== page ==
It’s a shame that so much emphasis is directed on these heroes when it’s too late at their funeral. Sure, they get some publicity when they are alive, for those that are fortunate enough to be awarded the highest medal the United States has to offer and at the same time be alive since so many are awarded the medal posthumously.
Why are America’s highest decorated heroes only occasionally recognized on Veterans day, at Independence day parades and yes at their funerals? These military heroes are the backbone and DNA of what America is all about. Who distinguish themselves "conspicuously by gallantry and intrepidity at the risk of his or her life above and beyond the call of duty while engaged in an action against an enemy of the United States.” Can you get any more American than that? These warriors, regardless of military campaign they were involved in WWI,WWII, Iraq…it doesn’t matter. They all have demonstrated the rare characteristics that we only come by once in awhile. Its damn time we give our nations heroes the respect they deserve (especially when they are alive) and not just once a year on a holiday. Not only Medal of Honor (MOH) winners but what about the thousands of other highly decorated servicemembers out there? Sure many are to humble to not make a big deal out of it but trust me, it’s a big deal. I guarantee you there are thousands of heroic stories behind the awards out there that few will ever hear about. America, we need to get back to the day where the heroes of this great nation are respected and served as role models for us to build our country on. If we don’t make them role models, who will?? Do you know a servicemember that has received an award during combat? I bet they haven’t been recognized since the day they were awarded it. Give them the credit they deserve. Hell, I would have them appreciated everyday if I could but since I just have this little blog, why not put what you know about your hero in the comments section. Nothing formal required anything you can tell us about them is better for all of us, regardless of the level of the award. If you need a good gift for any aspiring or current military member, check this out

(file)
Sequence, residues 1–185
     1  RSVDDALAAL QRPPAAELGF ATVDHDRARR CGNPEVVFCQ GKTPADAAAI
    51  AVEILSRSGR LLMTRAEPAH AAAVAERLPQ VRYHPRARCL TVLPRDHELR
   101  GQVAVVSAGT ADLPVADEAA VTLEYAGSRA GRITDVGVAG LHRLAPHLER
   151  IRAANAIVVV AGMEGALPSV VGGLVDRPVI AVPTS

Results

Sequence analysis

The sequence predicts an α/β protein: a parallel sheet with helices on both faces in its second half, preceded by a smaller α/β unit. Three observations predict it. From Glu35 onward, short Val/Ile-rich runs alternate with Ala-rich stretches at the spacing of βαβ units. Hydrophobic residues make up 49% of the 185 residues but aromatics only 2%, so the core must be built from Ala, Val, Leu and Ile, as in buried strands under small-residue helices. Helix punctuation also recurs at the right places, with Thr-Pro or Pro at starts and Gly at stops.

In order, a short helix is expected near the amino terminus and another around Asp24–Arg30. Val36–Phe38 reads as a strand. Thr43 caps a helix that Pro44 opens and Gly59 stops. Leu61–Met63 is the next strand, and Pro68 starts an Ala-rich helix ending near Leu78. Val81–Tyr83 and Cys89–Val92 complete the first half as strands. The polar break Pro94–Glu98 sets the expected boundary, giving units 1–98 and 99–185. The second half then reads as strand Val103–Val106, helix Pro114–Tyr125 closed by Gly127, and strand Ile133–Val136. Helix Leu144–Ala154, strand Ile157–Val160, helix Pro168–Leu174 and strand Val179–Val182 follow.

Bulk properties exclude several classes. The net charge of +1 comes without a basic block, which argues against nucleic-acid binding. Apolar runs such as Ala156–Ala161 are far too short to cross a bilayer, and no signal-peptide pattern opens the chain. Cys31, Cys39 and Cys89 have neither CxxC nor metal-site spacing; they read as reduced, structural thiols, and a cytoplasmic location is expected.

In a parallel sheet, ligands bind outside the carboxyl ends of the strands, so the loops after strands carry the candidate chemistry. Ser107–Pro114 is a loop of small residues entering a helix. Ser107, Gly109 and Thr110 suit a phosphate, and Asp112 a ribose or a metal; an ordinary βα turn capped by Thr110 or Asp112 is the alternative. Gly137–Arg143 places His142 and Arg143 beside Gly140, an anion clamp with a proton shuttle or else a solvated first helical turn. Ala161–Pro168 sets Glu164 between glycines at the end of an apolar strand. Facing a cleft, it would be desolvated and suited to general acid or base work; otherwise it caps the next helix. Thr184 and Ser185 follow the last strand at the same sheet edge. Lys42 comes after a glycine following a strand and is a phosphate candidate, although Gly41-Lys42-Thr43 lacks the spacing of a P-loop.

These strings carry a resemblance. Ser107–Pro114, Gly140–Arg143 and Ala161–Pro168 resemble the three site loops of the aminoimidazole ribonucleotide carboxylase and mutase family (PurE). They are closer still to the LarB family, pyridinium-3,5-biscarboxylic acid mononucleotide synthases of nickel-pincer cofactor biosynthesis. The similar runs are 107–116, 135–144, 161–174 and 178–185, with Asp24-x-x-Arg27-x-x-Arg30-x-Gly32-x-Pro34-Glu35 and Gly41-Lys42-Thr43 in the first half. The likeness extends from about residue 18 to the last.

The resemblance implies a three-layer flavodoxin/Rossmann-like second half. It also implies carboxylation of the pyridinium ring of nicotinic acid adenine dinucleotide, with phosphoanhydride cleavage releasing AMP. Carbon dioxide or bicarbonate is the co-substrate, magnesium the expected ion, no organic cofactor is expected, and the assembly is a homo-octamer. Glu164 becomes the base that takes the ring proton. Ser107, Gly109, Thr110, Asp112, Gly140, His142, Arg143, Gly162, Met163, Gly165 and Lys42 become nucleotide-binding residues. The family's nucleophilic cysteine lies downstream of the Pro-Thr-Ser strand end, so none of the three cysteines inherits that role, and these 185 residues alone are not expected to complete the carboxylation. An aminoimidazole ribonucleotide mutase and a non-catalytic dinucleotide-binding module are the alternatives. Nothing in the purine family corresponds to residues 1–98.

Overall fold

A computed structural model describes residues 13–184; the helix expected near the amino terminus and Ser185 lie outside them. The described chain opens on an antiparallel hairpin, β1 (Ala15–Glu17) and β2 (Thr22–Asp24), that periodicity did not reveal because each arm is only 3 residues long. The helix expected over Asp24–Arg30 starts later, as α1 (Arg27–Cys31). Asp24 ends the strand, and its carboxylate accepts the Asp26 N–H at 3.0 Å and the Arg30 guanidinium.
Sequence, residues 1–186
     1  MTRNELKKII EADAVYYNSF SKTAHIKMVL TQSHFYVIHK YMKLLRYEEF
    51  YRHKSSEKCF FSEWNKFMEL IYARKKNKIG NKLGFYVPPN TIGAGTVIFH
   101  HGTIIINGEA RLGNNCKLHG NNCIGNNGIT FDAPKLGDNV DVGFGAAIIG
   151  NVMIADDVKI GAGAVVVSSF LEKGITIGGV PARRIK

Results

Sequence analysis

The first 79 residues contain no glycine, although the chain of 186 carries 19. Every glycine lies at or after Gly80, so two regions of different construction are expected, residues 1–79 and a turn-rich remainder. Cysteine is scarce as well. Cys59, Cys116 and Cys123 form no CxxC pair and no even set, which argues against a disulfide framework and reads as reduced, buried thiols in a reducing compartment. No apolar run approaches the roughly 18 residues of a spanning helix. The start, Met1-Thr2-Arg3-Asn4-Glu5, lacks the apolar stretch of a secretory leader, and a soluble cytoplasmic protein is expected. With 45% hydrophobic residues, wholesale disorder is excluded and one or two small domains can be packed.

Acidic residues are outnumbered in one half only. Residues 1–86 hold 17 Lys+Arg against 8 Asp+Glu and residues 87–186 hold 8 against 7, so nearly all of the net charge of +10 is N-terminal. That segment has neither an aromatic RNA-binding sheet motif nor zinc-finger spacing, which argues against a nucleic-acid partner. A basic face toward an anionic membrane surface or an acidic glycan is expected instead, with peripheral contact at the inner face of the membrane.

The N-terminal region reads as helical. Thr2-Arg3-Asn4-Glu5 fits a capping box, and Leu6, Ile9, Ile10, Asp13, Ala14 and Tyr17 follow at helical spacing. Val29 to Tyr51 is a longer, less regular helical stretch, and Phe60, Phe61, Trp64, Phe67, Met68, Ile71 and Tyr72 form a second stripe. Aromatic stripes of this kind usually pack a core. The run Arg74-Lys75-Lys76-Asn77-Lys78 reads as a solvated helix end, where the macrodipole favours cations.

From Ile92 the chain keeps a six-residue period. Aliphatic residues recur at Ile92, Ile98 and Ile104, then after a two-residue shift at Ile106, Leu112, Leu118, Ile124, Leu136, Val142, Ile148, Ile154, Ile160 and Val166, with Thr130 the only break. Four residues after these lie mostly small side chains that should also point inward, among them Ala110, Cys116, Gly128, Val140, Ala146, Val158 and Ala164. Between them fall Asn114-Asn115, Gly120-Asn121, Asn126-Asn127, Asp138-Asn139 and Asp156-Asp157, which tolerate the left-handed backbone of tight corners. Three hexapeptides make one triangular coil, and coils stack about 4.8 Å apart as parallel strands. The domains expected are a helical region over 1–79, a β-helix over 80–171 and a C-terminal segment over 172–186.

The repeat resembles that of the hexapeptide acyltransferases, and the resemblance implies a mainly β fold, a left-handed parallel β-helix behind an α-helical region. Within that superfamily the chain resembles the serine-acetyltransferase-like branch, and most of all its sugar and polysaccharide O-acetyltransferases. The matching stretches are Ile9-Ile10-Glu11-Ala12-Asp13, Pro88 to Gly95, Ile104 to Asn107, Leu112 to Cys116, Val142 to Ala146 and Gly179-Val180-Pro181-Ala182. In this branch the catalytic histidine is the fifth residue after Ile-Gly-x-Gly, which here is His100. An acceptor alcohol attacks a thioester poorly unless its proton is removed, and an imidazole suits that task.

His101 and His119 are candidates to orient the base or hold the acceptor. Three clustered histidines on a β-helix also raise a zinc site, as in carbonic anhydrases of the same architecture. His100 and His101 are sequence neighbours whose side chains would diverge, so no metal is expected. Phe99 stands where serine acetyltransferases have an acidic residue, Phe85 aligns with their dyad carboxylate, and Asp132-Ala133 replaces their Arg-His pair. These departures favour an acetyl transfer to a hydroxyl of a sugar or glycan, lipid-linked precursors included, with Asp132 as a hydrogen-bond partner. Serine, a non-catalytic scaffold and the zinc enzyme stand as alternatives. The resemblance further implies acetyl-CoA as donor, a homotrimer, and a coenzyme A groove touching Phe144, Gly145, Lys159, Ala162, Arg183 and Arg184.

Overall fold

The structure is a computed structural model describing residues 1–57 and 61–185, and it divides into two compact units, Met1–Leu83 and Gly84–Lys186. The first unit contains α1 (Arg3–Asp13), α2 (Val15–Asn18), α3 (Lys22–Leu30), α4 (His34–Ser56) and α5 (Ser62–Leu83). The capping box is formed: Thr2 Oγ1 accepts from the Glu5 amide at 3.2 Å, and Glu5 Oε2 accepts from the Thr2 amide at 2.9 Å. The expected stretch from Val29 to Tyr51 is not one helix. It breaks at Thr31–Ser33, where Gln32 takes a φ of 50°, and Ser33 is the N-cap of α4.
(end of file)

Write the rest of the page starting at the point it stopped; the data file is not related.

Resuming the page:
HONOLULU (HawaiiNewsNow) - Hawaii is mourning the loss of World War II veteran Barney Hajiro. The Oahu man was the oldest living Medal of Honor recipient in America.
"He wants to be remembered as a simple person," said son Glenn Hajiro.
Barney Hajiro, 94, served in the Army's famed 442nd Regimental Combat Team. He single-handedly destroyed two German machine gun nests during the rescue of the "Lost Battalion" in France. He was shot in the cheek, shoulder and wrist, leaving his left arm paralyzed.
"There were snipers, lot of shooting, and people were saying it's going to be suicide, but he said he had a duty to do," recalled Glenn Hajiro.
More than half a century after the bloody battle, President Bill Clinton presented the Medal of Honor to the Nisei veteran in 2000.
"He said he was a little bit excited and he was proud to receive the medal for the boys. He said, 'It's not for me. It's for the boys.' He would always say that," said Glenn Hajiro.
Glenn Hajiro was by his father's side for the final moments on Friday morning.
"His dream was to be a track star, but he only went to the 8th grade. He never got to do his thing, so I told him, on his death bed, to run," said Hajiro's son.
Funeral services are still pending.
Hajiro, Barney F.
Rank and organization: Private, U.S. Army, Company I, 442nd Regimental Combat Team. Place and date: Bruyeres and Biffontain, France, 19, 22 & 29 October, 1944. Born: 16 September 1916, Punene, Maui, Hawaii. Entered service at: Honolulu, Hawaii.
Private Barney F. Hajiro distinguished himself by extraordinary heroism in action on 19, 22, and 29 October 1944, in the vicinity of Bruyeres and Biffontaine, eastern France. Private Hajiro, while acting as a sentry on top of an embankment on 19 October 1944, in the vicinity of Bruyeres, France, rendered assistance to allied troops attacking a house 200 yards away by exposing himself to enemy fire and directing fire at an enemy strong point. He assisted the unit on his right by firing his automatic rifle and killing or wounding two enemy snipers. On 22 October 1944, he and one comrade took up an outpost security position about 50 yards to the right front of their platoon, concealed themselves, and ambushed an 18-man, heavily armed, enemy patrol, killing two, wounding one, and taking the remainder as prisoners. On 29 October 1944, in a wooded area in the vicinity of Biffontaine, France, Private Hajiro initiated an attack up the slope of a hill referred to as "Suicide Hill" by running forward approximately 100 yards under fire. He then advanced ahead of his comrades about 10 yards, drawing fire and spotting camouflaged machine gun nests. He fearlessly met fire with fire and single-handedly destroyed two machine gun nests and killed two enemy snipers. As a result of Private Hajiro’s heroic actions, the attack was successful. Private Hajiro’s extraordinary heroism and devotion to duty are in keeping with the highest traditions of military service and reflect great credit upon him, his unit, and the United States Army.